A recent labour arbitration decision from Saskatchewan has suggested what the boundaries around workplace consumption of medical marijuana might be.
In Kindersley (Town) v Canadian Union of Public Employees, Local 2740, 2018 CanLII 35597 (SK LA), an employee was dismissed for vaping medical marijuana while operating the employer’s vehicle. The employee had previously disclosed to his employer that he had had a prescription for medical marijuana and was allowed to vape marijuana in the workplace.
The employee was not allowed to operate an employer vehicle for approximately 30 minutes following vaporization of marijuana. He was also not permitted to operate heavy machinery for 1 hour after vaping.
The employee was later discovered to have been vaping while driving and immediately before driving, according to his co-workers. As a result, the employer summarily dismissed the employee.
The employee’s union filed a grievance challenging the summarily dismissal. The arbitration board held that, despite the lack of proof of the employee’s impairment on a balance of probabilities, the vaping of marijuana immediately prior to and while operating the vehicle entitled the employer to summarily dismiss him. The board also emphasized the fact that the employee appeared to lack respect for the limits of his employer’s medical accommodation of him, and cared little for the safety of his coworkers by vaping while other employees were in the vehicle with him.
The arbitration board found the decision to summarily dismiss was not excessive discipline. The board noted that while the employee should not be deprived of using marijuana for the medical purpose intended, ultimately “there is no reason he could not have done this more discreetly rather than in the presence of his co-workers and while driving.”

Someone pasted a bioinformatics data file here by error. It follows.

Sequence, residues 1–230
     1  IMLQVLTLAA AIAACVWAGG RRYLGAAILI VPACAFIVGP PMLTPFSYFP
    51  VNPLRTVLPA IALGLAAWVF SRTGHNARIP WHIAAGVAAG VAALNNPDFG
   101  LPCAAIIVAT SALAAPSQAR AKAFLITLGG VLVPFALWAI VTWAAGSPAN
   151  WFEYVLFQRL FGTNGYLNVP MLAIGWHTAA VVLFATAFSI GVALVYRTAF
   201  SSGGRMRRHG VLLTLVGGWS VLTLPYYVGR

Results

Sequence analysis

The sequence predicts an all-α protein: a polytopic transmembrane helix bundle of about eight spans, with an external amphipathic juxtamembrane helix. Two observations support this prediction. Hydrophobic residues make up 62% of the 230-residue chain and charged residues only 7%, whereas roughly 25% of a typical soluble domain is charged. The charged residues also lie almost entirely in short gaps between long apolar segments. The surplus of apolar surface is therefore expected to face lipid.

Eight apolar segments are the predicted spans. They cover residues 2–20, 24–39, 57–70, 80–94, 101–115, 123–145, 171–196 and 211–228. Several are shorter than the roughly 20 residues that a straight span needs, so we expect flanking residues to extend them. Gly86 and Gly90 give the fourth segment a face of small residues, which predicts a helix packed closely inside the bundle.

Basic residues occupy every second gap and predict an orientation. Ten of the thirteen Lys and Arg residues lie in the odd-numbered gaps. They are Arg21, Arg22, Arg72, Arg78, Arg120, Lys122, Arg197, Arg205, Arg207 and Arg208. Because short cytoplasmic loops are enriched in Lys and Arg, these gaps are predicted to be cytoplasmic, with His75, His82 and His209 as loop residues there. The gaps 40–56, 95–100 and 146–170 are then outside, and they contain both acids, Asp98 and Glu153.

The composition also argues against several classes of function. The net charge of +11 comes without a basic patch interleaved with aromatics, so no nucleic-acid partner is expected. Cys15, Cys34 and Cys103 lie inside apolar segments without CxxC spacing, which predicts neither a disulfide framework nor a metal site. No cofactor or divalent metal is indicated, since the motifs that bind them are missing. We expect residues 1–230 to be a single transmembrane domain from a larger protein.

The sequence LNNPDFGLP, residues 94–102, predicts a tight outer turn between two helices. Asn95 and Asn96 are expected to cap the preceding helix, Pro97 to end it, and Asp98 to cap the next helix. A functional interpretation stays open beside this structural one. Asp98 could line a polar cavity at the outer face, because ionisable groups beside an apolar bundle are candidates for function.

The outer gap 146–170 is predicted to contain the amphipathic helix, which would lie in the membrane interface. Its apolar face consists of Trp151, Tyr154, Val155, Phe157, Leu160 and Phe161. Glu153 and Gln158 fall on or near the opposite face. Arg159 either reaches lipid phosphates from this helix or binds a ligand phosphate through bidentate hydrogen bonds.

What does this case tell us?
While it is a Saskatchewan decision, the same principles apply in Ontario: having a prescription for medical marijuana is not a free licence to consume it whenever and wherever you like, particularly while working for an employer. Moreover, even if your employer has expressly accommodated you by allowing you to consume marijuana in the workplace, not adhering to the terms of that accommodation could result in dismissal without notice.
It is also important to note this case applies to unionized employees, who have greater protections from dismissal than non-unionized employees. This suggests that, in a non-unionized workplace, the threshold for misconduct meriting dismissal based on the consumption of medical marijuana could be lower.
All employers must accommodate employees with a disability to the point of undue hardship according to human rights laws. This could include allowing employees to use medical marijuana while at work. However, employees must comply with the limits of an employer’s accommodation, so as to avoid undesirable disciplinary measures.
By Marty Rabinovitch and Elias Rabinovitch